The eagle pair also vocalizes back and forth with a variety of shrill calls. Courtship behavior often begins in winter.

Viewing Tip: Elaborate courtship displays are observed less often than the subtle signs of pair bonding.

Eggs in the Nest
Incubating begins as the female lays the first egg. The clutch of one to three eggs is completed within three to six days. Both parents share in the task of incubating. However, females spend more time brooding than males. Once they begin incubating, the viewer usually sees only one eagle at a time, except when they make the incubation duty changeover at the nest. In only one case has there been four eggs documented in a Pennsylvania nest, a rare event nationwide. That Delaware River nesting pair fledged all four eaglets in Northampton County in 2009.

Each egg takes 35 days to hatch. Eggs must be kept warm, shaded from harsh sunlight and protected from predators.

Viewing Tip: An eagle sits very low in the nest when on eggs. Sometimes only its head and tail are visible. One eagle will bring food to the bird on duty and the two may switch roles. The incubating bird will carefully position itself by sitting chest first while wiggling side to side to accommodate the egg or eggs. A bird on eggs sits remarkably still for long periods. This is the period when nests are most vulnerable to abandonment. When eagles are flushed from their nest, their eggs may be exposed to cold or rainy weather and predators. Cold air can cause egg failure. Eagles may abandon their nest if they are flushed repeatedly during this period.

Young in the Nest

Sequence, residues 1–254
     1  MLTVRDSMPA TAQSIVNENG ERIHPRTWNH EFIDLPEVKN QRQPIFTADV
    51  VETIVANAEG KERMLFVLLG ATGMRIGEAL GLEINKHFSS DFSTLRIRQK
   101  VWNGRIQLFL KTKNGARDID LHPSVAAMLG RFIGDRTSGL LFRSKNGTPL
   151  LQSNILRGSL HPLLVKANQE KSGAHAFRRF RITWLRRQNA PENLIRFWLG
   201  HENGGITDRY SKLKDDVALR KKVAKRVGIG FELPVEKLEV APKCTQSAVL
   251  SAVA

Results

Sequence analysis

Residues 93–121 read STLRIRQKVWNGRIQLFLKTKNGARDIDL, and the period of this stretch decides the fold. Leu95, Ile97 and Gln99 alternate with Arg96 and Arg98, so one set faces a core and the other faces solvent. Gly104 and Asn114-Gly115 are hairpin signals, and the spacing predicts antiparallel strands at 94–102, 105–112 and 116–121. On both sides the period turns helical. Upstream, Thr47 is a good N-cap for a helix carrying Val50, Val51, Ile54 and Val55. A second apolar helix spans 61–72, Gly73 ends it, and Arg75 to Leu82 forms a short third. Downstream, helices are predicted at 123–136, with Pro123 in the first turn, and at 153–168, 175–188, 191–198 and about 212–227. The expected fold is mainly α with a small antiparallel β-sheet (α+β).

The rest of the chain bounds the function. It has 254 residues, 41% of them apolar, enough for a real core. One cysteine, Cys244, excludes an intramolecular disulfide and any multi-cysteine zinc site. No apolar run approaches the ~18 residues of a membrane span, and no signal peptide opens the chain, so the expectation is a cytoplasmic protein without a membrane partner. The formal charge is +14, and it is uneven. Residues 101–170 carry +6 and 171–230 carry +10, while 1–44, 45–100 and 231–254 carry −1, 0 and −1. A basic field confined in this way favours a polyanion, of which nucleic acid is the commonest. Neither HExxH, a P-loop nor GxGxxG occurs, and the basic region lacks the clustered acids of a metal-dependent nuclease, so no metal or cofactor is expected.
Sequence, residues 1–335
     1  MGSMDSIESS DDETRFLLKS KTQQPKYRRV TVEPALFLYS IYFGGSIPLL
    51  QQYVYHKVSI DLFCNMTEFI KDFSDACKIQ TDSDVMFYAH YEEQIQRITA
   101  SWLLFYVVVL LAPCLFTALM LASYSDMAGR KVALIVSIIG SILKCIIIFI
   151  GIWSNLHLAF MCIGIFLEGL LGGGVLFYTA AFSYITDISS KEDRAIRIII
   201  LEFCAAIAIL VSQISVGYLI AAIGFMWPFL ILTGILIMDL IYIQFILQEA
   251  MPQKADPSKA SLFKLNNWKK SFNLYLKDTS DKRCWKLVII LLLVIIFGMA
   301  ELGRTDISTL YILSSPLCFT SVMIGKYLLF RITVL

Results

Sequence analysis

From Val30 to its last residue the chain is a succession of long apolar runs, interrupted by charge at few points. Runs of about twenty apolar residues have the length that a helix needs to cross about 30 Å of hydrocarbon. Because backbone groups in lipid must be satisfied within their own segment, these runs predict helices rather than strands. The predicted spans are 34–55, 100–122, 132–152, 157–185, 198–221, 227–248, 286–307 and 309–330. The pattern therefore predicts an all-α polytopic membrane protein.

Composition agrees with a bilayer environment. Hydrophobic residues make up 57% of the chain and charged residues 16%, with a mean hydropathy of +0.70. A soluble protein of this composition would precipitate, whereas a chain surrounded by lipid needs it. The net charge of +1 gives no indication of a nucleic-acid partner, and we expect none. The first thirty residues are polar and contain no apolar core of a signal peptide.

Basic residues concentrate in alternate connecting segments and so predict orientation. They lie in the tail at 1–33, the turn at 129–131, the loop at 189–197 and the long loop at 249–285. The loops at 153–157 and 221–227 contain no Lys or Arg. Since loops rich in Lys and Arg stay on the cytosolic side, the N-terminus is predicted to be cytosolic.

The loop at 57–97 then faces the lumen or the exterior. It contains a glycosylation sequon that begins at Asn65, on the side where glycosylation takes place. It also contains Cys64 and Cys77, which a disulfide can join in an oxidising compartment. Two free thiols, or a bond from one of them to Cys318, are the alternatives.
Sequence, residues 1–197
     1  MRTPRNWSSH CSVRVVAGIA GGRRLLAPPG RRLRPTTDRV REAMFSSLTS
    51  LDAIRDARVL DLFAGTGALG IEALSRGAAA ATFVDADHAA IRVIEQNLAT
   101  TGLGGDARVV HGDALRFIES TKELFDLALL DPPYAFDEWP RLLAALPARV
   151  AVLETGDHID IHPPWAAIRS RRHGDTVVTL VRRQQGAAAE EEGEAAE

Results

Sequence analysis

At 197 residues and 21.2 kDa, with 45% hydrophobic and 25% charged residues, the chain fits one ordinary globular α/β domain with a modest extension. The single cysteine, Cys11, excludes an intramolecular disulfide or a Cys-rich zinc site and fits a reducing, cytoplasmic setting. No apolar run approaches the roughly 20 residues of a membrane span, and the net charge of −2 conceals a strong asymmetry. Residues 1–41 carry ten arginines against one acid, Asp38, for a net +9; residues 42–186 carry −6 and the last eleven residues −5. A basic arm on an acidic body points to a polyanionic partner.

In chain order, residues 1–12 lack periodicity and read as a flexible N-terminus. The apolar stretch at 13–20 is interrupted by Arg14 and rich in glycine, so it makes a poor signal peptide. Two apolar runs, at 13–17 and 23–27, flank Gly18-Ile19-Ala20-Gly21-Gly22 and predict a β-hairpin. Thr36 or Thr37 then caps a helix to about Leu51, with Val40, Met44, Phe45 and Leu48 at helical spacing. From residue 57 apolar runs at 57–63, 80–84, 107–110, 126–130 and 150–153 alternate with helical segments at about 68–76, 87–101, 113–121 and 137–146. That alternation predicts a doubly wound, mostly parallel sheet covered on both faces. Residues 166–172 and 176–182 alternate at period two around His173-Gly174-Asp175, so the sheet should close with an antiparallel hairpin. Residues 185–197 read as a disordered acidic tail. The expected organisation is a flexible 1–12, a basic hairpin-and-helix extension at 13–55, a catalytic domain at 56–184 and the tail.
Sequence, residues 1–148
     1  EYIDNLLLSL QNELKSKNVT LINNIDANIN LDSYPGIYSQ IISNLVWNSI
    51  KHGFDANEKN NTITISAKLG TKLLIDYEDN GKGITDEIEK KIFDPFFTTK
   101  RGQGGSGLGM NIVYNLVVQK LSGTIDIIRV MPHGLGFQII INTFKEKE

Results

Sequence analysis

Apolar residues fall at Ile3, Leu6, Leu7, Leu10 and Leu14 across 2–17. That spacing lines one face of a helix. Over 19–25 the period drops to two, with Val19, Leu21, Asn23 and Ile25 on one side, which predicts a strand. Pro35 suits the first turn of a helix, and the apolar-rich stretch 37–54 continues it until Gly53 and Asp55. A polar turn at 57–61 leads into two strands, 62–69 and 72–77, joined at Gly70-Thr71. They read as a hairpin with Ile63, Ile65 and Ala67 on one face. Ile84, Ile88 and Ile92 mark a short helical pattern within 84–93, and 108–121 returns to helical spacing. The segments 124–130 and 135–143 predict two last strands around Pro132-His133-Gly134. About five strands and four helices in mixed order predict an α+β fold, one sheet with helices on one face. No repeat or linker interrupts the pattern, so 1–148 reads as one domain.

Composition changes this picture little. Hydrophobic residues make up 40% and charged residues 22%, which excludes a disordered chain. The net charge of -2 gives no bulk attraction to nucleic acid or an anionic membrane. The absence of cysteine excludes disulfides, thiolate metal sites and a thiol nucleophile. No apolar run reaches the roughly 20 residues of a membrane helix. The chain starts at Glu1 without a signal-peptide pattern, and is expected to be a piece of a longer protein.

Young eagles break through and escape the egg-shell on their own. Eggs hatch one at a time with one to four days between hatchings. Eaglets grow rapidly giving the "oldest" a competitive advantage over nestlings hatched only a day or so later, especially when food is short.

The adult on the nest calls to its mate for food when the foraging eagle is near. The birds communicate back and forth as the eagle bringing food approaches the nest. Both adults tear the fish apart and feed the young. The demand for food increases with the growing eaglets, there-fore, adults come and go frequently to share in foraging and tending to the young birds.

Viewing Tip: As eggs hatch, behavior changes at the nest. An eagle sitting on hatchlings is more active than when on eggs. The brooding bird repositions itself often and frequently looks down to check the young.

Fledging
Eagles learn and hone their ability to fly several weeks before actually flying. They practice with short takeoffs and landings on and around the nest, gaining strength and improving their agility and landing ability. This is a crucial stage for the young birds as many try to fly prematurely, especially when startled or flushed from the tree by predators and people who get too close. If its first flight is unsuccessful, a young eagle may spend time on the ground exposed to predators and other hazards.

When about 12 weeks old, the young eagles are ready to fledge. Parents continue to deliver fish and other prey to the young birds until they learn to forage on their own, which occurs between four and 10 weeks after leaving the nest. This stage is a very vocal time for the eagles as the adults and young call frequently to locate each other for feeding and security. The eagles usually remain near the nest area through much of summer.

Viewing Tip: As they grow, young eagles gradually become more visible on the nest. By the time they're eight weeks old, it is common to see the nestlings perched on branches around the nest. After they leave the nest, it takes practice for them to become proficient at flying. Landings are almost always awkward and somewhat conspicuous for newly fledged eagles.









Pennsylvania Game Commission, 2001 Elmerton Ave, Harrisburg Pennsylvania 17110-9797